Date published: May 6, 2015

Asian Carp Would Have Adequate Food to Survive in Lake Erie

If invasive bighead carp and silver carp spread into Lake Erie, there would be enough food available for these species of Asian carp to survive, according to a new study by the U.S. Geological Survey.

Attribution: Ecosystems
Date published: July 12, 2012

Asian Carp Pose Substantial Risk to the Great Lakes

Asian carp pose substantial environmental risk to the Great Lakes if they become established there, according to a bi-national Canadian and United States risk assessment released today.

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Silver Carp jumping out of water
December 31, 2016

School of silver carp jumping out of water

School of silver carp jumping out of the water. 

Black carp sample being preserved for genetic study
April 5, 2016

Black carp sample being preserved for genetic study

Black carp sample being preserved for genetic study

Image: Grass Carp
March 21, 2016

Grass Carp

Mississippi Unit — MS student Chris Steffen tries to hold on to a record-size grass carp collected in an oxbow lake of the Yazoo River Basin, Mississippi.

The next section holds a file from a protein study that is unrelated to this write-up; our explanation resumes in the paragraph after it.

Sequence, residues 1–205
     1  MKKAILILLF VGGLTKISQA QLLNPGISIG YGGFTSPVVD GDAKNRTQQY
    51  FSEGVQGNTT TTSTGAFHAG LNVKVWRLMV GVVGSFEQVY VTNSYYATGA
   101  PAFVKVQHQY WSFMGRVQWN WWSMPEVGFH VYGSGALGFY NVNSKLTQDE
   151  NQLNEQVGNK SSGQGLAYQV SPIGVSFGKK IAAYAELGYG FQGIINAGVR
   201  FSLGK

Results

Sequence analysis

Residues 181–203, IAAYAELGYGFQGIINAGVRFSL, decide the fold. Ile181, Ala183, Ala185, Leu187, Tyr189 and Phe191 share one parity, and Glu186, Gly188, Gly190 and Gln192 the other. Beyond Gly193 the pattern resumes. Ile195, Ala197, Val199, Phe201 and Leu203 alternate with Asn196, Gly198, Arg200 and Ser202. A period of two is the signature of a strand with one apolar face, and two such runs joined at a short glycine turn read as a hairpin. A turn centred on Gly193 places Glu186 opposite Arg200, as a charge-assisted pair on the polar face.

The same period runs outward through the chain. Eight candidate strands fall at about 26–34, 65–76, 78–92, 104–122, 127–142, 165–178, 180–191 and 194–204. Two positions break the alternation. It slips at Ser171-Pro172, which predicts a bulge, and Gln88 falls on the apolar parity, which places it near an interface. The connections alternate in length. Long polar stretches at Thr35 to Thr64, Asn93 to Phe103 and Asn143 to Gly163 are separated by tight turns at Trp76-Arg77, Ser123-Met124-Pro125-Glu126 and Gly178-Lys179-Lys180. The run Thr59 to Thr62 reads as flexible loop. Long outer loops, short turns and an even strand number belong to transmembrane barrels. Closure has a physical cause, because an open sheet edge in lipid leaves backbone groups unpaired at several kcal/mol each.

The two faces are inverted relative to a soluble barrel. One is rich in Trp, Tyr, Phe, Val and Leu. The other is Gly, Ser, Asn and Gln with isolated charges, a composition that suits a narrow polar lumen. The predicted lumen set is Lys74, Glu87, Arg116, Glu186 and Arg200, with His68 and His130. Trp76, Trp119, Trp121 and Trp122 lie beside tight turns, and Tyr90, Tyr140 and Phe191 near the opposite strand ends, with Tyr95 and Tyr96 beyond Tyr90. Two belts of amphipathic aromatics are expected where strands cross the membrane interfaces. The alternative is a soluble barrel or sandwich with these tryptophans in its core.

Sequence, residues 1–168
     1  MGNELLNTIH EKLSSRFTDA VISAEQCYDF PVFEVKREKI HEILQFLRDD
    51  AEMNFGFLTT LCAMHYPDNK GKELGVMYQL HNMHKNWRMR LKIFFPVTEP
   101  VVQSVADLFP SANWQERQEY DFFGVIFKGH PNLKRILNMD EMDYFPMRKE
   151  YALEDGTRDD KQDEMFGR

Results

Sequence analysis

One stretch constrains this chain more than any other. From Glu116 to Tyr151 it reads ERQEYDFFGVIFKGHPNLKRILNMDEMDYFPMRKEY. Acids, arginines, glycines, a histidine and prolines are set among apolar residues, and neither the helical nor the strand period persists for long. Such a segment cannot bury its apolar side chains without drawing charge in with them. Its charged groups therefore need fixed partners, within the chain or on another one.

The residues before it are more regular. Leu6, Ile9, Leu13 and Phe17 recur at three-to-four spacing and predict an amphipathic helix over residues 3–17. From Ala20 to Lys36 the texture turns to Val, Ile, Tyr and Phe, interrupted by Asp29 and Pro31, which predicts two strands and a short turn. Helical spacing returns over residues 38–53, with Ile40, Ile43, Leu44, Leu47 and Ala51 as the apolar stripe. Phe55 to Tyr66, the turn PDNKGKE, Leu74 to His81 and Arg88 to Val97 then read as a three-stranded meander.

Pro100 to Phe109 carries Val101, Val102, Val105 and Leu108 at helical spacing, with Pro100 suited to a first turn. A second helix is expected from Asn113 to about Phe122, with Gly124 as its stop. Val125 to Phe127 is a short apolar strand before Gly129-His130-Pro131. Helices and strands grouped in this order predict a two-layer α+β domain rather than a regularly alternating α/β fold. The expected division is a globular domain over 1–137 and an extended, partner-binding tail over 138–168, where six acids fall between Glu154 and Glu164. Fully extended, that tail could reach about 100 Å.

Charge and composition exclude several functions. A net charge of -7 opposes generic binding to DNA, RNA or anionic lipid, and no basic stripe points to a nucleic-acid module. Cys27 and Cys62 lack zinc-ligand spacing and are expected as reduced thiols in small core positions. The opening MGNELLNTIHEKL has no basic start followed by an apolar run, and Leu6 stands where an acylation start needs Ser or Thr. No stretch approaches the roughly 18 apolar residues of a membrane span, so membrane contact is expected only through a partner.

Image: Grass Carp
March 21, 2016

Grass Carp

Josh Schloesser, a MS student at the Kansas Unit holding a grass carp collected while sampling with the USFWS on the Missouri River. Josh is working closely with the FWS and other agencies to develop sampling protocols for Missouri River fishes.

August 12, 2012

Yazoo! Flying Carp!

U.S. Geological Survey scientists encounter Asian flying carp on the Yazoo River, Mississippi.

video thumbnail: Under Siege: Battling Flying Carp and Giant Pythons and How Science Can Help
July 3, 2012

Under Siege: Battling Flying Carp and Giant Pythons and How Science Can Help

Over the last several decades, non-native species have continued to invade sensitive ecosystems in the United States. Two high-profile species, Asian carp in the Midwest and Burmese pythons in the Everglades, are the focus of much attention by decision makers, the public and the media. Sharon Gross, Robert Reed and Cynthia Kolar discuss issues related to invasive species

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Jumping Silver Carp
December 31, 2006

Jumping Silver Carp

Flying Silver Carp

Asian carp captured on the Wabash River
November 30, 2000

Asian carp captured on the Wabash River

Asian carp captured on the Wabash River

A Silver Carp tagged with an acoustic transmitter (black tag located on the fish’s back) to monitor movement in the field. Fish
November 30, 2000

A Silver Carp tagged with an acoustic transmitter

A Silver Carp tagged with an acoustic transmitter (black tag located on the fish’s back) to monitor movement in the field. Fish were monitored in response to the recording of a boat motor

UMESC Scientist showing Silver Carp on left and Bighead Carp on right
November 30, 2000

UMESC Scientist showing Silver Carp on left and Bighead Carp on right

UMESC Scientist showing Silver Carp on left and Bighead Carp on right